Women in the front line


Pic from News.com.au

Mate, says my mate Jack, can you imagine having women in our bunkers? Don’t put the hexy stove there – it should go in the corner here and for God’s sake clean up your mess…tidy up your spent rounds…No! try the hexy stove in the other corner….God you stink – at least try and keep yourself clean..and…and Jack, of course is joking, but Combet isn’t as he pushes the subject and I can only begin to imagine those behind him pushing as well. Women libbers, gender equality at any price ideologues and other assorted left wing ‘divorced from reality’ nutters. I wrote on this very subject four years ago. Obviously I had more time on my hands then but the comments are an interesting overview of the debate. The subject is cyclic, comes up every few years and so is service in Infantry. The Roman Centurion carried similar weights to what I carried in Vietnam and the soldiers in Afghanistan, and I’ve met a lot recently, are still struggling with a 100 lb plus pack. If their mate is wounded they then have to carry him and his gear in a ‘fireman’s carry’ as well for short distances so treble that for short bursts. But then it isn’t all physical, although that fact alone would stop most women successfully finishing infantry and special ops courses. It’s the whole physcological and social considerations that make me wary. Bob Baldwin who is Shadow Minister for Defence Science, Personnel and the Assisting Shadow Minister for Defence said psychological aspects of battle made the frontline unsuitable for women.
“The coalition believes in the equality of opportunity for women in the defence force,” he told reporters today. “The coalition, however, doesn’t agree with the placement of women into forces such as the SAS, clearance divers, commandos or frontline combat engineers.”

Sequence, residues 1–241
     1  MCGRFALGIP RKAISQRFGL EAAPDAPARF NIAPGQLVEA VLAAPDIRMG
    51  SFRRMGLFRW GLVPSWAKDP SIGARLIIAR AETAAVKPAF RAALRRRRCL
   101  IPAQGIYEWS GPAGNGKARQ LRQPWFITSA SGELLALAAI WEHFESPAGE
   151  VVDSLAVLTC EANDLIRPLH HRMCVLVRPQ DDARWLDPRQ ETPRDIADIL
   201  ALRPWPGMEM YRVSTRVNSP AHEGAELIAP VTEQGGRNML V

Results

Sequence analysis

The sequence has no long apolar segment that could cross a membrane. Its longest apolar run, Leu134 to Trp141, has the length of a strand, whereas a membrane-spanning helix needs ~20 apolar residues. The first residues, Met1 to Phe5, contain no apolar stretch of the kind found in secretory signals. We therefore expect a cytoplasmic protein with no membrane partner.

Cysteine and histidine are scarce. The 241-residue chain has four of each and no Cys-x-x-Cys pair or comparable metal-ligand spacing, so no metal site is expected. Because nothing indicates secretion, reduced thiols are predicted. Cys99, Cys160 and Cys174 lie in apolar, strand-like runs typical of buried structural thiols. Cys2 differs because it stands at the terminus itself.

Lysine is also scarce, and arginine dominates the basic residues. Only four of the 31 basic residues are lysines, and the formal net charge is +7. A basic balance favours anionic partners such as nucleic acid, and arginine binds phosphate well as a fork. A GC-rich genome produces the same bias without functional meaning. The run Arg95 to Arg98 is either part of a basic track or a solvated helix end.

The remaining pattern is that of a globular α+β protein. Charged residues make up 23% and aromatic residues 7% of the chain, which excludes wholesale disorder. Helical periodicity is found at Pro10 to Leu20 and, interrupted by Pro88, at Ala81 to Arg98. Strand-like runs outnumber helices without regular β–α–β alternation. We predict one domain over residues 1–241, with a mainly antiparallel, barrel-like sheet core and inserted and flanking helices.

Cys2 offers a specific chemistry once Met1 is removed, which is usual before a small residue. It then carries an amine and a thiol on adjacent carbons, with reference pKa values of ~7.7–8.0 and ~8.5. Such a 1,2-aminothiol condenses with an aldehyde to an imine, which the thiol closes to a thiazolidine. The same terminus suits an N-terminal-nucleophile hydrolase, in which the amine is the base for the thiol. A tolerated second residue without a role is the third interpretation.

Fair enough too! But Labor MP Yvette D’Ath said the issue of serving on the frontline should be “irrespective” of gender.
“I’m very strong on equality and basis on who can do the job,” she told reporters. “If you can pass the course, you can meet all the criteria, you should be allowed to perform that job irrespective of what that job is.”
Which totally ignores the social and physcological aspects of women in combat. My local Priest nails it in letters to The Australian today;
AS well as being dangerous and impractical in many cases, the push to put women on the front lines would erode something valuable in our civilised society. It would diminish the dignity and special status of women as life-givers and nurturers (“Now is the time for our women as well”, Editorial, 10/9). Women wielding machine-guns and bayonets as the aggressors in war seems to defy the natural law. While I’m all for equal pay and equal opportunities in education and the professions, sending women to the front lines in the name of equality diminishes rather than enhances their status. While nobody is forcing them to go now, it would be a different matter in the event of conscription or a ballot if we faced a major war. Young women and the hard-boiled feminists who claim to have their interests at heart in supporting this move should consider such implications carefully. Father Tim Norris St Kevin’s Parish, Geebung, Qld
In Vietnam I did a forty day patrol; that is forty days without stopping in a safe base like Nui Dat. Think about that – in the dry season there was insufficient water to wash so no showers, no body wash for forty days!. Gave up on wearing socks and jocks (can’t carry or resupply) and a bout of dysentery didn’t help. Defecating and urinating publicly without any privacy. Blood and bits of enemy flesh on my filthy uniform, skin diseased and abraded from thorns and the prickly heat making every step painful. And then there’s the enemy. Do you want your daughter there? I don’t and Yvette D’Ath would have vomited if she ever got downwind of me. You see, us conservative chaps think women and kids need protecting and they are harder to protect when they’re close by and how the hell are they going to nurture the next generation if they’re in the combat zone. As Father Tim says;